Local Art Exhibits, Virtual Performances, and More Ways to Celebrate Black History Month in Dallas

Honor the Occasion All February Long

BY // 02.01.21

February is Black History Month and Dallas has plenty of event to keep the celebration going all month long. From local museum exhibits to virtual performances, these are the best ways to honor Black History Month.

Visit a Local Exhibit

Until May 31, the Dallas Holocaust and Human Rights Museum is featuring The Fight for Civil Rights in the South. The exhibit includes “two prestigious photography exhibitions covering the African American struggle for civil rights and social equality in the 1960s — Selma to Montgomery: Photographs by Spider Martin and Courage Under Fire: The 1961 Burning of the Freedom Riders Bus. Reserve tickets here.

On this Thursday, February 4, the museum will also be hosting a free, virtual event: A Journey for Justice: Freedom Rider Betty Daniels Rosemond, where you’ll be able to hear Rosemond speak about her time as a Freedom Rider during the Civil Rights Movement. Register here.

Get to the African American Museum of Dallas quick to see Hair Story: Myths, Magic, and Methods of Black Hair before it closes on February 13. The exhibit features Dallas artist LaShonda Cooks work as she explores the economical, physical, spiritual, and political aspects of black hair in the world. You can also see Vicki Meeks’s 3 Decades of Social Commentary, on display until March 1.


Galleria Black is Beautiful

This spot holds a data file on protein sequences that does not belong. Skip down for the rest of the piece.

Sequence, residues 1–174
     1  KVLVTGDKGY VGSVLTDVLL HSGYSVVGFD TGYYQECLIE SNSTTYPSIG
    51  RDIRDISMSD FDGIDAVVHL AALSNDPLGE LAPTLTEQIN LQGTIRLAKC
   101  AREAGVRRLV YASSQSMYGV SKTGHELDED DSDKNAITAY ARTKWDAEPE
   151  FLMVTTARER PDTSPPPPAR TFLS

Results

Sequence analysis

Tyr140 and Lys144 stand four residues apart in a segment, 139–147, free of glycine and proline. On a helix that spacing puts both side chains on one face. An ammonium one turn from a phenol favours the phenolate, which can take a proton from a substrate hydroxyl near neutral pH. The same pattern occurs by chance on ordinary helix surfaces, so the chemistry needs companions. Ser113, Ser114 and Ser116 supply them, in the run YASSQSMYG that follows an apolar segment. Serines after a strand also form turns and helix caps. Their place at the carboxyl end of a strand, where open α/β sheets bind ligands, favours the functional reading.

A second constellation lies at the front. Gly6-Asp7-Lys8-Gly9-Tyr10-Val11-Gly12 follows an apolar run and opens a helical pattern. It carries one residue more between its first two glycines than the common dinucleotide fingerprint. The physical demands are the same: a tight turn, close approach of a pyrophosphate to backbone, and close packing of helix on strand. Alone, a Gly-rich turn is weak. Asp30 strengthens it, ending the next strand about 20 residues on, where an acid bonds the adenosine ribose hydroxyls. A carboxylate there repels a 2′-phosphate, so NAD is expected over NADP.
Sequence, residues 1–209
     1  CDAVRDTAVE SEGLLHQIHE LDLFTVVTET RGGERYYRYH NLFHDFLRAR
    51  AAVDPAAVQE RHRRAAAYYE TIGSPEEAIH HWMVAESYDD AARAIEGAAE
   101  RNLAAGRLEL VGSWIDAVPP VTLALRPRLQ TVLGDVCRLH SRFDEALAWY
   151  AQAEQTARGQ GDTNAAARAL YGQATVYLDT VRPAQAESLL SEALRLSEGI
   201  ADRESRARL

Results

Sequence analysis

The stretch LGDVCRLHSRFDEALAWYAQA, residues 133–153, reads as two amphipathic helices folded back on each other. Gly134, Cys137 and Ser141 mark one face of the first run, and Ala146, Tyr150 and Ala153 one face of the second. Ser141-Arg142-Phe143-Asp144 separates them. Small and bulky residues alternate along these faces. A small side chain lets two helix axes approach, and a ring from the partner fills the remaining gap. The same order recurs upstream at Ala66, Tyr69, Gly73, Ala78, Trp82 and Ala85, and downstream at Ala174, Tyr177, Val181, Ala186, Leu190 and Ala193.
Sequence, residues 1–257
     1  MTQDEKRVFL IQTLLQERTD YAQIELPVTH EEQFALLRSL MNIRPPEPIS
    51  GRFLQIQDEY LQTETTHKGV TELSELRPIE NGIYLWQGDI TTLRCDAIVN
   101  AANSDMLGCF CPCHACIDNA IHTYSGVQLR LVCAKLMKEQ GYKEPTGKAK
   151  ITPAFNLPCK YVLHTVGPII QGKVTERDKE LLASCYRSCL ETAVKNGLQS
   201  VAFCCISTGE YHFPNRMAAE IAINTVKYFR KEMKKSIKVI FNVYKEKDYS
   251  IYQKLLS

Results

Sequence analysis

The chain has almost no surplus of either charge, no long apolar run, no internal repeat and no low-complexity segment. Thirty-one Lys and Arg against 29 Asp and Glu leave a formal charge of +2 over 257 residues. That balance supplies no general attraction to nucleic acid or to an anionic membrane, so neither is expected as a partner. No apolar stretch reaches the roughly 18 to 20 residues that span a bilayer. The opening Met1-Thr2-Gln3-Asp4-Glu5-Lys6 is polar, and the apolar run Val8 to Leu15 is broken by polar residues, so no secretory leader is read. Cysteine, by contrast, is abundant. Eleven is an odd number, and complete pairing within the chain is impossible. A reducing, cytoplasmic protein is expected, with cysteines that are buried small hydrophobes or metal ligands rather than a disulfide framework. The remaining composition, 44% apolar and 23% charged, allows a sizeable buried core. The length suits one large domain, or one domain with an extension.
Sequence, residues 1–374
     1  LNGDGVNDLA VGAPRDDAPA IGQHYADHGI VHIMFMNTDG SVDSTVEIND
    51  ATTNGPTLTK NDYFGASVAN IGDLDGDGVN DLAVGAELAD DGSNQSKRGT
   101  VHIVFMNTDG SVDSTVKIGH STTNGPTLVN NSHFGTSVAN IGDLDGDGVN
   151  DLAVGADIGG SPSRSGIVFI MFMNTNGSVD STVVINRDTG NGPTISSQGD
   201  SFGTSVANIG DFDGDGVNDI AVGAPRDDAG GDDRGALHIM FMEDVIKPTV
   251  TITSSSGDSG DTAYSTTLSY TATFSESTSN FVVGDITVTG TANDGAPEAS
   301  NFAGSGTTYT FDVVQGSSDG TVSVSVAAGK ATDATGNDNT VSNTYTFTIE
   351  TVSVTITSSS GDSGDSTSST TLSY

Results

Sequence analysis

Galleria Dallas is hosting “Black is Beautiful DFW,” a series of portraits by Yesi Fortuna, this month.

Black is Beautiful DFW Art Exhibition is currently on display at Galleria Dallas until February 29. The free exhibition features 30 black-and-white portraits of people in the Black community taken by photographer Yesi Fortuna.

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Virtual Events

Oak Cliff Cultural Center is hosting a free virtual chat on February 10 at noon with author Nancy Churnin and illustrator Felicia Marshall. Moderated by manager of South Dallas Cultural Center, the talk will focus on the book Beautiful Shades of Brown: The Art of Laura Wheeler Waring. Waring was “an American artist and educator known for her paintings of prominent African Americans that she made during the Harlem Renaissance.”

On February 20, tune into the Dallas Black Dance Theatre’s Cultural Awareness Series online. The virtual event begins at 7 pm on Saturday and costs $30 per household to watch. The first performance, The Mourner’s Bench, is choreographed by Talley Beatty — a solo created in 1974 and portrays the struggle of social inequity in the South after the Civil War. Next, set to the music of Odetta Holmes, Odetta is choreographed by Alvin Ailey American Dance Theater Associate Artistic Director Matthew Rushing. Purchase tickets here.

Also on February 20 at 7 pm (with a recording available until March 6), the Dallas Museum of Art and Kera are presenting Selected Shorts presents Toni Morrison Remembered. Hosted by award-winning author Yaa Gyasi, the tribute to Toni Morrison will feature a commentary about her legacy, along with actor readings by Joe Morton (Scandal), Anika Noni Rose (Little Fires Everywhere), Charlayne Woodard, and Brandon J. Direden of “The Dancing Mind.” Tickets cost $12 for non-members and $10 for DMA members.


Celebrate Black Entrepreneurs

Dallas classic Smokey John’s BBQ is spotlighting black-owned businesses past and present. The Black Entrepreneur Edition of their Shoebox Lunch is available exclusively online (purchase for $49.95), featuring products from Frisco-based Cookie Society, Dallas-based Olphactory Candles, and more.

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